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Seeding a Silicon Valley in Cuba

Seeding a Silicon Valley in Cuba
By Ramphis Castro, Founder, Mindchemy
March 13, 2015, 7:00 AM PDT

This Re/code series of contributed essays from Kauffman Fellows will
provide stories from their on-the-ground view of technology
entrepreneurship today, and its implications for the future. Founded in
1994, Kauffman Fellows is a Silicon Valley-based leadership program for
venture capitalists and innovators. The more than 400 graduates from
this two-year apprenticeship, collectively known as the Kauffman Fellows
Society, now lead venture capital, government, corporate, university and
startup innovation in over 50 countries around the world. Reach them

When venture capitalists talk about Cuba as the next Promised Land, they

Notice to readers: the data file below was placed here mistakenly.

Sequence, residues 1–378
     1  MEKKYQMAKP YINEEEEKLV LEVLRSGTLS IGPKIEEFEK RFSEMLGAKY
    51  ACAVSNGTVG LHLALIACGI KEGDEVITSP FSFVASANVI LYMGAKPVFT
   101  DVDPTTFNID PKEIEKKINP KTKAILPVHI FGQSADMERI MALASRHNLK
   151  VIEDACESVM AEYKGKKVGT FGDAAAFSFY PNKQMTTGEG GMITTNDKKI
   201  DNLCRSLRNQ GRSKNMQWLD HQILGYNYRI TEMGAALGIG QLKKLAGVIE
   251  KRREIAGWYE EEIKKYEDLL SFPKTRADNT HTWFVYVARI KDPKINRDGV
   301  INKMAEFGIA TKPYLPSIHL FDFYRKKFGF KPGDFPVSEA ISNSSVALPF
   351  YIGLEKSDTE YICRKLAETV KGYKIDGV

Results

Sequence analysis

note foremost the very real political hurdles that remain, both on the
island and in the United States. The biggest obstacle, however, may be
smartphones — the dearth of them.

Even as Cuba is a bright spot in the developing world for its top-notch
health care and education systems, it remains in a technological dark
age. Its communication systems, in particular, are almost as ancient as
the Packards and Hudsons that putter around Havana. Mobile phone
penetration (about one in 10 Cubans have one) is the lowest in Latin
America, the country’s Internet is slow and government-censored, and
owning a computer was illegal until eight years ago.

All of which makes it especially exciting to be a venture capitalist
pondering the possibilities for funding companies in Cuba today and
tomorrow. If VCs, particularly angel investors, can become involved
soon, they will be getting in not at the proverbial ground floor but
while the blueprints are being drafted.

Cuba, to be sure, has much to gain from the opening of its economy. For
instance, it is one of the few places in the world where organic or
non-GMO products, beloved by Americans, exclusively are grown. An export
opportunity likely lies there. And then, of course, there is the Cuban

And certainly, the challenges for the first wave of early-stage VCs who